"We cannot solve our problems with the same mindset that created them."
I have been on a spiritual path since I was 18. As an adolescent I came to the conclusion that the most vital question regarding how I would live my life was whether or not "God" was a reality or an illusion.
If it is not already crystal clear, I want to begin by saying that I am far from being an enlightened soul who has transcended the separate ego. I would describe myself as a seeker (and to some degree a finder).
A note: it would be foolish to expect the current piece to do anything but scratch a tiny bit of the surface of such a huge topic. Beyond this, there are countless, varied experiences of Divinity and a multitude of ways these have been expressed. As human beings, it seems reasonable for us to use the term mystery to refer to something that is infinitely deep.
In a sense every religion is the product of the conceptual mind attempting to describe the mystery. While scriptures have attempted to guide us in aligning with God, they commonly become rigidified, and too often reflect the millennium-long dominator era during which they were founded.
I have had the experience of - but do not yet permanently reside in - a sense of the profound oneness of all things and beings; an intensely alive and expanded consciousness; an awareness of the spark of the Infinite at the center of every person; many astoundingly Grace-full synchronicities; and the presence of other dimensions of being.
In the course of my search, I have come to the following conclusions:
1) Each wisdom tradition (almost all of them thousands of years old) is, at its best, like one facet of the jewel of spiritual awakening;
2) Every path has both an esoteric and exoteric component. The folk religion practiced by the majority of human beings constitutes the exoteric way, while the esoteric dimension is the path practiced by mystics, those on the way to becoming authentic saints, and deep meditators;
3) Because human beings have come to a critical point in our evolution, we are living in a time when the previously esoteric (or secret) teachings are being shared with the world.
My journey began with the use of entheons (psychedelics), which in turn led me to practice meditation and study with spiritual teachers. My wish was to find teachers who came from wisdom traditions with a time-tested and ancient lineage. Due to my experience with entheons, I was drawn to "non-dual" paths of spiritual awakening.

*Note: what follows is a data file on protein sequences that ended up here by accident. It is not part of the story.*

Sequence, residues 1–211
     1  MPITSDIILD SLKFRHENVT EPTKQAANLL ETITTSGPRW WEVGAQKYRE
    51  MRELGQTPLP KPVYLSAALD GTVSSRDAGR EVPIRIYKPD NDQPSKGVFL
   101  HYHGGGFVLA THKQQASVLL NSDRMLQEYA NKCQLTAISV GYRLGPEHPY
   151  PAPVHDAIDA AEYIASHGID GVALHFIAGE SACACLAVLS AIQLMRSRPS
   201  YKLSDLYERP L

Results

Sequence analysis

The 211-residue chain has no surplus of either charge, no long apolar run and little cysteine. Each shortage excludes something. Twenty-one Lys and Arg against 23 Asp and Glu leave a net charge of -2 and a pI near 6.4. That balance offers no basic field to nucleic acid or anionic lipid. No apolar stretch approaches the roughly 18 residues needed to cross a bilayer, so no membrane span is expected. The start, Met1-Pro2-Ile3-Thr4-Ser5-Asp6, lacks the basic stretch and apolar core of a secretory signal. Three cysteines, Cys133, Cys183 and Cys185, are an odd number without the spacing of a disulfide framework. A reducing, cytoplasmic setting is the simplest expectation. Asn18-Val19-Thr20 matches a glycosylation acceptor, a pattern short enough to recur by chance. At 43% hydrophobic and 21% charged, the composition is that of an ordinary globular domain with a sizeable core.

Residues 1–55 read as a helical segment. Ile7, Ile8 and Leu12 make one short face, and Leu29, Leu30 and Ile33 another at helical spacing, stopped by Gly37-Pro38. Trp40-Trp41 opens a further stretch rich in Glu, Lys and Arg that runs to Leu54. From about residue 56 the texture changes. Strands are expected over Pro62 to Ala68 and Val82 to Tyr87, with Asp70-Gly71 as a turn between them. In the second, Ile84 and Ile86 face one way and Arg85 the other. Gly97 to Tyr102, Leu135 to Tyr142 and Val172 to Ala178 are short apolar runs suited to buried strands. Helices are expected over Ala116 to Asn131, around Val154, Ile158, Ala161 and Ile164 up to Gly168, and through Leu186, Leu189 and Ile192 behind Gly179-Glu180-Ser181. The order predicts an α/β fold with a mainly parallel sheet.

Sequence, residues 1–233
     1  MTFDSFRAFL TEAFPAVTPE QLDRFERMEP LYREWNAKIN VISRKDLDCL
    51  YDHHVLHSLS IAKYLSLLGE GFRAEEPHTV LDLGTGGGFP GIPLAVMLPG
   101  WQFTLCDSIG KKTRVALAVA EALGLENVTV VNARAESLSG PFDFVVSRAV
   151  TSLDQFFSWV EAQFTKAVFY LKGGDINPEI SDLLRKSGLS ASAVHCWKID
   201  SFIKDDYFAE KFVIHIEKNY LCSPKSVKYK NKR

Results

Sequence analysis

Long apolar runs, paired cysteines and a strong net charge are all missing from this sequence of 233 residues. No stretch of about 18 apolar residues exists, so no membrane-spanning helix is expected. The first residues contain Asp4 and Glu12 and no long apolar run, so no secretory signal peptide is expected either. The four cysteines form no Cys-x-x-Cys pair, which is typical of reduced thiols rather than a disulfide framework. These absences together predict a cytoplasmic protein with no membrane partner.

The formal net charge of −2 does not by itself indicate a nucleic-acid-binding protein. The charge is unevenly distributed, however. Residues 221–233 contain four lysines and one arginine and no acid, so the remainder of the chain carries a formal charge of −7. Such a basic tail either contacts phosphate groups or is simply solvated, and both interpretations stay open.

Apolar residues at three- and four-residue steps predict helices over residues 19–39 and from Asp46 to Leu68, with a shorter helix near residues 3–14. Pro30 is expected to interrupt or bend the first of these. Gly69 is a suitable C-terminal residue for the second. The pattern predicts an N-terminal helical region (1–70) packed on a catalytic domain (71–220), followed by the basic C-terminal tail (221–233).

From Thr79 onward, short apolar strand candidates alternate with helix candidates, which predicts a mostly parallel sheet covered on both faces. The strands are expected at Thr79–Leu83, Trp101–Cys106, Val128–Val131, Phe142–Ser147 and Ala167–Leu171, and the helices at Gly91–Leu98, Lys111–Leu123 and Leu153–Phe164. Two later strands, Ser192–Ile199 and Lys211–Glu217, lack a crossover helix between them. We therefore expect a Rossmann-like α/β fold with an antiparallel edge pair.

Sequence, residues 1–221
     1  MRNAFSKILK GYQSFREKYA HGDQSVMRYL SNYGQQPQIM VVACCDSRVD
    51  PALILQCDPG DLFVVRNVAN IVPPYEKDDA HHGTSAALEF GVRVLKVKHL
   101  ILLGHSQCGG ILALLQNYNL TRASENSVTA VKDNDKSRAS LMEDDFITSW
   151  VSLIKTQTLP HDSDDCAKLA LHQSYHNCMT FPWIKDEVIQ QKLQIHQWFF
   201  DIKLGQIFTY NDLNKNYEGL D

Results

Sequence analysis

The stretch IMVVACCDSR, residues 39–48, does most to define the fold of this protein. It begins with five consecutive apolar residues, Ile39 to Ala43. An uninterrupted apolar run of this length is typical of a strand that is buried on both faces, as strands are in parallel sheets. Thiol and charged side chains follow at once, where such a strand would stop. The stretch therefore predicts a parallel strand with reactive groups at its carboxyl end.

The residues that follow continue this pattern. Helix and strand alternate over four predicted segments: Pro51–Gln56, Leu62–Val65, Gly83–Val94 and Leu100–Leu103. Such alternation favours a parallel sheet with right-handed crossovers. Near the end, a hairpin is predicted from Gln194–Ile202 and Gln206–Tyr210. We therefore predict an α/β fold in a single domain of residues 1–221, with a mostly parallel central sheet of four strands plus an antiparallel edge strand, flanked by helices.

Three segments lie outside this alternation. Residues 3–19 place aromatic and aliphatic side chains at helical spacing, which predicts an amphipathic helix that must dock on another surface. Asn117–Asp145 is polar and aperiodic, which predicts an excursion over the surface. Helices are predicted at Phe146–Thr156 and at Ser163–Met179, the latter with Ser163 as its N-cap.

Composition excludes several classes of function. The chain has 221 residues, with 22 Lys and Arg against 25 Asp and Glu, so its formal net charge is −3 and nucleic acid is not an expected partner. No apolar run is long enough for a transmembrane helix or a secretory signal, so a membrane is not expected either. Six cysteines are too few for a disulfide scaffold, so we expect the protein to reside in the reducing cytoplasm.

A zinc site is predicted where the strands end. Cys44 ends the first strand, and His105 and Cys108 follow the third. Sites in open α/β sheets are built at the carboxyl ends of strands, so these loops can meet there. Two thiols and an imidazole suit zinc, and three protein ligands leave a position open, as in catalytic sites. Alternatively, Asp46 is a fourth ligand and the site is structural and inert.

I am sharing the following not to be ostentatious, but rather to be completely open about my background, and about the paths and teachings that have informed my perceptions and experiences.
Early on, my meditation teachers included Ram Dass, Jack Kornfield, Joseph Goldstein, Sharon Salzberg, Christopher Titmus and Larry Rosenberg - all teachers of Insight (mindfulness) meditation. I continue to value their teachings highly. I briefly practiced meditation with a Korean Zen master, Sung San, as well as with Thich Nhat Hanh, an activist Vietnamese Zen master who was nominated for the Nobel Peace Prize by Martin Luther King Jr.
I spent 8 years studying and practicing Kashmir Shaivism with Gurumayi Chidvilasananda, had a few contacts with her guru, Swami Muktananda, before he passed away, and made a deep spiritual/vibrational contact with his guru, Bhagawan Nityananda, which is alive to this day. I also took initiation with the Tibetan master Kalu Rimpoche, and studied directly with Isabell Hickey and Tom Yeomans. In younger years I practiced Tai Chi and other martial arts, while contemplating the Taoist way of liberation via the scripture known as the Tao Te Ching. I have deeply studied the writings of Gandhi and Martin Luther King Jr.
I have spent the last 20-some years learning from Mata Amritanandamayi (Ammachi) and have been blessed by Mother Meera on a number of occasions. I have studied the teachings of Ramakrishna, Ramana Maharshi, and Sri Nisargadatta Maharaj, Carlos Castaneda and the Dalai Lama.
I have some familiarity with the teachings of the Jewish Kabala and the contemporary Rabbi, Zalman Schachter-Shalomi; I've enjoyed and been deeply inspired by the Sufi poetry of Rumi and (Muslim/Hindu) Kabir, as well as being influenced by Christian mystics such as Meister Eckhart and St. John of the Cross.
In terms of recent teachings, my strongest influences have been Ram Dass, his guru, Neem Karoli Baba, and Ammachi - all of whom teach a path of service, devotion and meditation. The words and actions of the Christ and the Buddha have provided food for transformative contemplation and guidance for decades. Philosophically, I am most aligned with Buddhism, Hinduism, and Taoism.